Interesting approach with using a big rich room. I recorded my drums in a dry & neutral sounding room with 8 ft ceilings because I am paranoid about picking up reverb from larger rooms in my recordings. I won't be able to remove it in post and I'm not sure if the room-verb will jive well with the virtual reverb effects the I applied to the other instruments. I will mention that I did have difficulty at first picking up the cymbals with my overheads. I ended up having to move the overheads pretty close to the cymbals. Maybe this is a sign that the room is too muffled?

I found the toms to be pretty easy to get right. It was mostly the snare and somewhat the bass drum that gave be a run for my money. You wouldn't believe the amount of effects I had to apply to the snare and bass drums to get them to sound "cool". :lol: With the toms, I just slapped some EQ on them and they were pretty much good to go; didn't even need a compressor. Also, I use a noise gate on all of the drums' channels, but not on the overheads & ride and hi-hats channels (because of the decaying nature of the cymbals).

Yeah, I think I'm going to sample the bass and snare drum in the future. They are just too inconsistent sounding if you are trying to achieve a power metal drumset sound without samples. If you do anything fast with the bass drum, all of the power and attack goes away, so it is a necessity, really. If a snare isn't hit just right, and in the exact same location on the head, it will sound very different. The snare drum is such a temperamental instrument, I swear! :lol:

I mic both the hi-hats and the ride. Honestly, though, the overheads pick them both up pretty well, as they are quite loud. I also mic'd the china cymbal because the overhead were too close to the crash cymbals & splash cymbals and weren't picking up the china cymbal very well. :oops:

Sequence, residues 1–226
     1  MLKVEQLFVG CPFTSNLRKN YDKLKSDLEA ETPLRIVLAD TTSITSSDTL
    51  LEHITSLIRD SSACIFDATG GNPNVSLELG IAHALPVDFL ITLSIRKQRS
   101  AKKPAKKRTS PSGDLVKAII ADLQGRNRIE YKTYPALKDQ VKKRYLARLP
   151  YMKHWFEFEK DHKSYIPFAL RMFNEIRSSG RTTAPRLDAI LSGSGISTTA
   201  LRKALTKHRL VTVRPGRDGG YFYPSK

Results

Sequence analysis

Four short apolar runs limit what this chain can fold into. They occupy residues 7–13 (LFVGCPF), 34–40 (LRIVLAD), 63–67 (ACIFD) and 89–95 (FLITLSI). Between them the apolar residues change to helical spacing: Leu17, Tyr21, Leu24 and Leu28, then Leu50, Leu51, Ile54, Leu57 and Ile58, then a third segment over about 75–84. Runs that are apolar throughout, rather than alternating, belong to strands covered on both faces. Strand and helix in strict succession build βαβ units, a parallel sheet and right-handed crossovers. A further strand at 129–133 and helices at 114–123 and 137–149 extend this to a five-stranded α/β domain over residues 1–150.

Here's a short audio excerpt of me playing drums on one of the slower songs for my album:
https://mega.nz/folder/hdxCwAhL#_slklqRyE0ngdUuEzZZpHg

EDIT: I included a file with the suffix "RAW" to put into perspective where I started from and where I ended up in my mix. "render9" is an older render with an arguable better snare sound, but everything else is more primitive. I think the only difference between those two snare sounds is how much brightness there is, but it sounds much more different than that. Maybe I thought it too bright? I don't know.

I think it sounds okay... sort of. No samples were used here, but a million* effects were. :lol: There are errors present too, like the drums getting suppressed by the noise gate accidentally, among other things. I rendered this a while ago just as a test. The toms, I didn't really tinker with too much, so they might sound a little rough. It's also a bit over bright and will probably have to be tinkered with once other instruments are introduced to the mix. Also, my pans might be too wide. This was recorded in my family room, hahaha! :rotflmao1:

*Okay, not a million, but extremely heavy EQ, liberal amounts of reverb (for the snare) and less for the other drums, some compression, noise gates, and multiband compression (for the snare, around the 1kHz range, and it made a huge difference in attack/thwack).
Pancio wrote:
Tue Jun 30, 2020 10:21 pm
I also have a sort of drum-vademecum Tolkki gave me years ago which I have rewritten recently and which I use to set-up things both live and in studio sessions.
I can share it, if you wish, it's pretty good in my opinion.
I'd be interested in taking a look at that. :D
Pancio wrote:
Tue Jun 30, 2020 10:21 pm
Anyway, I opened a bandcamp pages and uploaded a slightly better version of the song:
https://francescopanciroliambrosetti.ba ... m/releases
You can also download it for free.
I took a listen and it sounds better. The levels are more consistent now and the lead guitar tone is less annoying; a definite improvement! Something that I noticed from your older version and this version is that your rhythm guitar sounds like it is oscillating slightly... I forget what it's properly called! It's something that happens when the guitar isn't perfectly intonated. It's a minor thing, but I noticed it sometimes during the power chords. :oops: